Stickybot has Space Potential
It can't save you 15 percent on auto
insurance, but a gecko-like six-legged
robot designed by researchers at the
European Space Agency ( www.esa.int)
and Canada's Simon Fraser University
( www.sfu.ca) appears to have potential
as a hull-crawling repair technician on
A gecko derives its climbing abilities
from its feet which achieve stickiness
using a flock of tiny hairs (100 nm to
200 nm in diameter) that creates atomic
interactions with the surface. Somewhat
similarly, the Abigaille robot is equipped
with small "footpad terminators" that use
a dry adhesive to cling to vertical
surfaces. This feature was of particular
interest to the ESA folks, as other
methods of achieving adhesion are not
well-suited to space applications.
Materials like duct tape tend to
collect dust over time and lose their stickiness, plus they give off problematic fumes in vacuum conditions.
Velcro™is also unsuitable as it requires a mating surface. Tests of Abigaille's sticky stuff in space-like conditions
showed that it retains its adhesion even in a vacuum and throughout the applicable range of temperatures.
Because the bot's six legs each have four degrees of freedom, it is highly dexterous and may someday be
deployed for servicing satellites, as well as such mundane tasks as cleaning high-rise buildings.
Courtesy of Simon Fraser
School of Engineering
8 SERVO 03.2014
by Jeff and Jenn Eckert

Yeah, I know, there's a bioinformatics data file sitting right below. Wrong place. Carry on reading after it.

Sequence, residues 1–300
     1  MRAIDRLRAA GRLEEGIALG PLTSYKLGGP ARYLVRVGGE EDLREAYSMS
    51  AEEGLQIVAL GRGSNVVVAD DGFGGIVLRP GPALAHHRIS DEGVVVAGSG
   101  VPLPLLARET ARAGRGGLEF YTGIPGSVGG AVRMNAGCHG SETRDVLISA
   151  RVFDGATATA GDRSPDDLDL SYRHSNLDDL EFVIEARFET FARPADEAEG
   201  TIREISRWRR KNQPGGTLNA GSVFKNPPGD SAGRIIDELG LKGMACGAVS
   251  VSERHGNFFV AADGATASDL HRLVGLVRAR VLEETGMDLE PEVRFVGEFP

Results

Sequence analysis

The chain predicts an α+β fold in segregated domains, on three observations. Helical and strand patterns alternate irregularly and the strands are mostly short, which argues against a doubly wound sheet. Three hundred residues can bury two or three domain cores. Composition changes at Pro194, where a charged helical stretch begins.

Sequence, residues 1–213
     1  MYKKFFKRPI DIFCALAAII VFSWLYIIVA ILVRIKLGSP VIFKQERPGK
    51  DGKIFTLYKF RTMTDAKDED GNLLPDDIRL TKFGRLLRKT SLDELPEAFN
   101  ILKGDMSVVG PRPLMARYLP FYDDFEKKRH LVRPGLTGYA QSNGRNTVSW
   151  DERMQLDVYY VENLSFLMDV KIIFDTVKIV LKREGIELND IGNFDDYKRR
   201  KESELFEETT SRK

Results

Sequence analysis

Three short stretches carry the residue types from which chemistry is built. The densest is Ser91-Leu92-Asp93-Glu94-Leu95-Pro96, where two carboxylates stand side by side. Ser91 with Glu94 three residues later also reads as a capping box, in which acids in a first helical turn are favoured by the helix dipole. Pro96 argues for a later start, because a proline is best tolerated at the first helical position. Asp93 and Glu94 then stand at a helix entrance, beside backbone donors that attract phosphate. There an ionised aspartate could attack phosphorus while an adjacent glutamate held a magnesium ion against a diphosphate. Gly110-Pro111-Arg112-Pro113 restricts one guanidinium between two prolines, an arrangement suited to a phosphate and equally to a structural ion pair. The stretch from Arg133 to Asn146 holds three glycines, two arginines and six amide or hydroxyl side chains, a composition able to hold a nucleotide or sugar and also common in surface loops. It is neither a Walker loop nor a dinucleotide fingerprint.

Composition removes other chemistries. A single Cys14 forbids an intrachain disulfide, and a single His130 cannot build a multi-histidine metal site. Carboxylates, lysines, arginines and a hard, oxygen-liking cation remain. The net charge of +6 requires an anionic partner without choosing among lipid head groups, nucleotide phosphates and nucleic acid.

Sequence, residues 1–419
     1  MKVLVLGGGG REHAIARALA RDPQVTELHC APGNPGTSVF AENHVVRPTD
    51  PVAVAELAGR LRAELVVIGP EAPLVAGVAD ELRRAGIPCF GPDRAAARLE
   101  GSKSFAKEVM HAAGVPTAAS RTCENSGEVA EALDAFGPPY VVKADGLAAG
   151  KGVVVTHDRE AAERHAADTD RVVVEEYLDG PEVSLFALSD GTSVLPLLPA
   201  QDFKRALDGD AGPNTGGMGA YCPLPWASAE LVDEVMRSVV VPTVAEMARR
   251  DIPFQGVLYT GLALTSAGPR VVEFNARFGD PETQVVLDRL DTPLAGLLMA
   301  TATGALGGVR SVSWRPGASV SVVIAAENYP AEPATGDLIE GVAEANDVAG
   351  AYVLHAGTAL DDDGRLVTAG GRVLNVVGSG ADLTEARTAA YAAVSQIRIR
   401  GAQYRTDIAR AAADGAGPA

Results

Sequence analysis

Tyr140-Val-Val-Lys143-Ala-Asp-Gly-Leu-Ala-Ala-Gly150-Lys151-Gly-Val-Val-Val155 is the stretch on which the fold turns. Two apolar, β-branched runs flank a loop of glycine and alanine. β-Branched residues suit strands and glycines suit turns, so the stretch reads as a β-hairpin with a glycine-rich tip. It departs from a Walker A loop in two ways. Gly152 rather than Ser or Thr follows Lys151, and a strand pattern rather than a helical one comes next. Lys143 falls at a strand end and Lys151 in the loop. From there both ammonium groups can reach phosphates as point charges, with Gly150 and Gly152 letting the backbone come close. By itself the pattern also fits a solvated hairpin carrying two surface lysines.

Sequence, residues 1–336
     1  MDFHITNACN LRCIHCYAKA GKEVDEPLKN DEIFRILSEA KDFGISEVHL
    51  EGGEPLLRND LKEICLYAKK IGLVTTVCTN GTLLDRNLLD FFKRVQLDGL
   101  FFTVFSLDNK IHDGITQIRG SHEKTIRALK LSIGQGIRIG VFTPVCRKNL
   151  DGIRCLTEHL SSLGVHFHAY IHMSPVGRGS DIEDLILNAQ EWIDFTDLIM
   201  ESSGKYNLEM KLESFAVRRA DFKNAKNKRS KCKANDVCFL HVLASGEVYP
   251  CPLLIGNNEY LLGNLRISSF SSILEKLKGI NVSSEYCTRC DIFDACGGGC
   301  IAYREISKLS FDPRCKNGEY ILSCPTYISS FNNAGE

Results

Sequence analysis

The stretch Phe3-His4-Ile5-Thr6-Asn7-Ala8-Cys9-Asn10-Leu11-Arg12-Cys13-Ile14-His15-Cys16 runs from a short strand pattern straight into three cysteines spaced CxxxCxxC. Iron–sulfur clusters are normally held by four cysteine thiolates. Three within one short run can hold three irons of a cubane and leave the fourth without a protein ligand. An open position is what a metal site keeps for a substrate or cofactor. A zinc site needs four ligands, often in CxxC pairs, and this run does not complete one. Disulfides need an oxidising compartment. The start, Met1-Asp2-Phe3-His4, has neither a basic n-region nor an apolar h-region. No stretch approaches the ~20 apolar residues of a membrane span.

Mechanical Cooter Seeks Shipwrecks
On the other hand, if you want a bot for exploring
shipwrecks, it seems prudent to pattern it after an aquatic
reptile as did Taavi Salumäe — an engineer at the Centre for
Biorobotics, Tallinn University of Technology ( www.ttu.ee).
Using four independently driven flippers, his turtle-inspired
U-CAT is highly maneuverable and can swim up and down
and move forward and backward, and make zero radius turns
as necessary. According to Salumäe, "Conventional
underwater robots use propellers for locomotion. Fin
propulsors of U-CAT can drive the robot in all directions
without disturbing water and beating up silt from the bottom
which would decrease visibility inside the shipwreck."
The little terrapin carries a video camera so researchers
can use its footage to reconstruct the underwater site later
on. Development of the U-CAT was sponsored by a European
Union organization called Archaeological Robot Systems for the World's Seas project,
torturously given the acronym ARROWS. The amount of funding was not specified, but it
was revealed that U-CAT has both size and cost advantages over conventional underwater
machines used in the oil and gas industry and the military.
Researchers Asko Ristolainen
and Taavi Salumäe watch as
the U-CAT swims in an